The Story of the Lost Child (Neapolitan Novels Book 4). Elena Ferrante.

Ferrante, Elena. The Story of the Lost Child (Neapolitan Novels Book 4; see also Books 1, 2, 3), Europa Editions, New York, 2015. Translated from Italian by Ann Goldstein, original title Storia della bambina perduta. Edizioni E/ O, 2015. F; 4/16.

This last of the four Neapolitan Novels can’t avoid being self-conscious about what it needs to accomplish. Like the finale of a successful symphony we expect to be taken
to the beginning again, but now with real conviction that celebrates the experience of everything that has happened since. Well, it does this, and (I think properly) does it a bit self-consciously. But not unexpectedly it ends with resounding ambivalence, because as we knew she would from the beginning Lila, the center of the story, literally disappears.  And we are left in the hands of Elena, who wrote the story. But who is she?

I won’t review the plot except to say that the two antagonistic protagonist females get old, their children grow up, other principal characters age and (as people do) become more real and less immense in potential and expectation. Except, of course, for Lila.

The old world, the old neighbourhood, lives in Elena’s mother, grounded in the ethic of poverty and its escape. She is nearly insane with grief at her daughter’s abandoning a traditionally successful marriage which had inflated the old lady with pride. Fixed gender roles, the sanctity of marriage, old European Roman Catholicism, and above all, money:

I felt all the truth of the disappointment that I was causing her, all the truth of the maternal love that despaired of subjecting me to what she considered my good— that is, what she had never had and what I instead had and what until the day before had made her the most fortunate mother in the neighborhood— and was ready to turn into hatred and destroy me to punish me for my waste of God’s gifts.

The two most dramatic events in this final book of the quartet were, for me, an earthquake, and the loss of the child announced in the title.

As Elena, sitting with Lila, is struggling in her mind with her friend’s taking the man she had loved since school:

…a kind of thunder (occurred) under the building, under the stradone, as if one of the trucks that were constantly passing had swerved in our direction, was descending rapidly underground with the engine at top speed, and running into our foundations, crashing and shattering everything.

This catastrophic simile connects a real earthquake with Lila’s awful ontology as the destruction of buildings is her vivid self-destruction:

…if she became distracted real things, which, with their violent, painful contortions, terrified her, would gain the upper hand over the unreal ones, which, with their physical and moral solidity, pacified her; she would be plunged into a sticky, jumbled reality and would never again be able to give sensations clear outlines. A tactile emotion would melt into a visual one, a visual one would melt into an olfactory one, ah, what is the real world, Lenù, nothing, nothing, nothing about which one can say conclusively: it’s like that.

So it’s unreal things, isn’t it, that Lila’s peace is made of? But unreal in what sense? I’m perfectly happy to find in the profound literariness of these four books the suggestion that creatures of the imagination, for better or worse, mean more to the creatures who populate these stories than… whatever it is we are pleased conventionally to call the real world.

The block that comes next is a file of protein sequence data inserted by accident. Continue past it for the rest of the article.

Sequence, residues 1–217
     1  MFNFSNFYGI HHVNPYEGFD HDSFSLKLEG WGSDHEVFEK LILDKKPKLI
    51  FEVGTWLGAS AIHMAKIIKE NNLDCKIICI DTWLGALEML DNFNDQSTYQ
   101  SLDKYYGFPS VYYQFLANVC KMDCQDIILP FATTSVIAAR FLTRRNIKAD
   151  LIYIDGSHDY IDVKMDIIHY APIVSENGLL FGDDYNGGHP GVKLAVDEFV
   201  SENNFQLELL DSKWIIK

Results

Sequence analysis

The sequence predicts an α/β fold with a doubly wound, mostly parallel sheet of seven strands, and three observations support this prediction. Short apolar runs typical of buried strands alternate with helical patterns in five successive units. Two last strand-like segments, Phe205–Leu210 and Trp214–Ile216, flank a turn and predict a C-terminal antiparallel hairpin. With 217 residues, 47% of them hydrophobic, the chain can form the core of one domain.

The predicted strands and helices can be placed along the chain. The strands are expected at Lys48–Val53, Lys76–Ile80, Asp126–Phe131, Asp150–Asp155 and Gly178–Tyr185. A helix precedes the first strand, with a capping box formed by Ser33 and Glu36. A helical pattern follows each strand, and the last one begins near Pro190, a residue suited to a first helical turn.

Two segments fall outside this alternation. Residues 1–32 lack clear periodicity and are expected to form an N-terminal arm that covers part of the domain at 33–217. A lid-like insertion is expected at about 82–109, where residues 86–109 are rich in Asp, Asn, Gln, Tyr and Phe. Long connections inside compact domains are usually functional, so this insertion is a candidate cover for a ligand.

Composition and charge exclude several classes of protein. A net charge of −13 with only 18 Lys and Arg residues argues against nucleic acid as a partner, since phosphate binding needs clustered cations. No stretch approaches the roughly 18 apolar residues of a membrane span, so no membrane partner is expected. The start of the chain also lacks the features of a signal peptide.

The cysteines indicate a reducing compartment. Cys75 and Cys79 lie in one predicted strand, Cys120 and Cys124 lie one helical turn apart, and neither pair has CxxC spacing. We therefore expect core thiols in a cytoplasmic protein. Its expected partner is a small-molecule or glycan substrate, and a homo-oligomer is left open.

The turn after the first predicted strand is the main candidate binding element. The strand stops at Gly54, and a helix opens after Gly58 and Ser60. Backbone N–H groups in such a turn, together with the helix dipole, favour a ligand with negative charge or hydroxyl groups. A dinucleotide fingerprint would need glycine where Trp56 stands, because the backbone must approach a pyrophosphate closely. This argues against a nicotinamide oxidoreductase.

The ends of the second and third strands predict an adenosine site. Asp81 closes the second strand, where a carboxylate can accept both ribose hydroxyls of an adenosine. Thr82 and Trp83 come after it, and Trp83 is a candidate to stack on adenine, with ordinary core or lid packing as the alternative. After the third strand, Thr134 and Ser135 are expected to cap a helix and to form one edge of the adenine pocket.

Much later, and for me strangely out of sync with Lila’s unique grasp of reality or lack of it, comes (as is usual in these stories) out of the blue the moment every parent dreads. Sweet intelligent little Tina comes down into the crowded street where grown-ups are conversing, and suddenly she is just gone, missing. Minutes of panic, hours of still-hopeful searching, days of speculation, months of despair.

But in the story, and in the light of this terrible tragedy, Lila’s significance expands even as she ages badly, becomes mentally and physically ill, loses her child and pretty much everything else, and then – poof – becomes insubstantial.

And so, yes, we are left with Elena in a “more real” world, holding the little lost dollies she and her brilliant friend threw into the dark cellar as children in Novel One, come some sort of full circle. But the story she tells us is made up. It’s a world no more substantial than Lila’s sticky jumbled reality with one perception melting into another. It’s a modern form of the stuff dreams are made on. But these are bad dreams. And the dreamer, Lila, is gone with no rack left behind. Shakespeare’s elegant comic theatrical reality is reimagined as a recursive nightmare of a black hole. The nominal author Elena Ferrante, who wrote the story of the story, never existed in the first place. It’s the solemn and cloud capp’d round world all right, but in it there’s a terrified little girl gone, and I the author and my best character are nowhere to be found either.

A delicious philosophic creation riddle, and a long and complicated enough tale to satisfy a big literary appetite. For the whole feast: 9.5/9.3.

About John Sloan

John Sloan is a senior academic physician in the Department of Family Practice at the University of British Columbia, and has spent most of his 40 years' practice caring for the frail elderly in Vancouver. He is the author of "A Bitter Pill: How the Medical System is Failing the Elderly", published in 2009 by Greystone Books. His innovative primary care practice for the frail elderly has been adopted by Vancouver Coastal Health and is expanding. Dr. Sloan lectures throughout North America on care of the elderly.
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